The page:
it occurs to me that another interesting question might be:
what should people call you?

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Wednesday, January 25, 2006

cross roads

what's the big deal with the cross?

i remember my pastor saying once that wearing a cross around your neck or displaying it in a church is as weird as having gold plated electric chairs or guillotines around to help us focus on God.

yep- that would be weird... but the thing with Jesus is that he brought new meaning to so many things, death by execution being one of them (not any death by execution, mind you- just his.)

i love that bit in romans (5.8) where paul points out that 'while we went on actively breaking fellowship with him, Christ died for us... that's how God shows his love.' he then goes on for the rest of the chapter talking about how death was brought into the world by adam, and how Jesus brought life in, instead, through his death. it wasn't just that Jesus lived a good life or that he died a tragic death, it was that he lived a good life and died a tragic death out of his love for humankind and then he overcame the tragedy, turning everything that we all thought we knew about everything right on its ear.

mourning to dancing
sackcloth to glory
silence to singing the salvation story

without Jesus' death, there could be no resurrection, no hope of a living and eternal communion with a perfect God. death was and is the penalty for wanting things our way and trading our eternal inheritance to get it. if Jesus were beheaded the way john the baptist was then we might have a different symbol of our freedom from mortality. as it is, being that crucifixion was the method of execution, the cross serves as this symbol for God's ability to take even the most fearful thing known to us- a painful, torturous death at the hands of those having no measure of grace or mercy to extend in the process- and give it new meaning in light of who he is rather than who we are.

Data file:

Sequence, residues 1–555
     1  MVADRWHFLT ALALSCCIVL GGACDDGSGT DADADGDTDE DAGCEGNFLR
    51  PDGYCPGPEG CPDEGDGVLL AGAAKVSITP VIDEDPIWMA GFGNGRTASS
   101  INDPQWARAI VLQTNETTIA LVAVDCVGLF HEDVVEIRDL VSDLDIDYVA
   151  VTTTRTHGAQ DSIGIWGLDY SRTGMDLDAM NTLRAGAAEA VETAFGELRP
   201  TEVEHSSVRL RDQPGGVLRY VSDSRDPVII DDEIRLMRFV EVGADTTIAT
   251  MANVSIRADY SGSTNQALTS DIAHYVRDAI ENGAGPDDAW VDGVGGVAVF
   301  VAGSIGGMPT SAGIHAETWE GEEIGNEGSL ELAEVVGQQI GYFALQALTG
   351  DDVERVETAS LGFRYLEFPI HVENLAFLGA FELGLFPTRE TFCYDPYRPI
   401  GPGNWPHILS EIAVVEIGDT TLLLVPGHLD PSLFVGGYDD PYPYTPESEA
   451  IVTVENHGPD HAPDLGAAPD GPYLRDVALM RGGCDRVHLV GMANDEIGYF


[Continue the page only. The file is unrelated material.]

in our church, we have this huge eight foot cross that stands in between the platform where the band plays and the floor where the people sit or stand or whatever. there are coffee tables gathered around that cross for those who respond better to more natural, coffee house seating than to institutional rows, and all of the speaking/ teaching takes place on that common plain, not up on the platform. in fact, the only reason that the platform is raised is that it was built at a time when the services we conducted were less interactive/ more 'performance oriented.'

a friend recently expressed a desire to see the layout change because the cross was obscuring the view from the floor of the musicians as they played. this was becoming a distraction for him.

distraction is a really good word. it seems to be realized in different people in different ways.

where one person is distracted by what he can't see onstage, another can be distracted by what he can see there. the clothing of a person onstage, that person's expressiveness (or lack thereof) when that person does worship music, or even just a knowledge of who that person is in life when he or she is not on display- they can all get in the way of a person's desire to press in during a meeting. in various conversations over the years, all of these have been mentioned to me... in most cases i've tried to remind the person to extend grace and endeavor to focus on God in spite of those serving on any given sunday. however, knowing that this is really hard sometimes because people all have their own triggers, i have privately thought of just shutting off the lights on the band altogether, so that the only things that anyone saw were the cross and the projected words that they were singing together.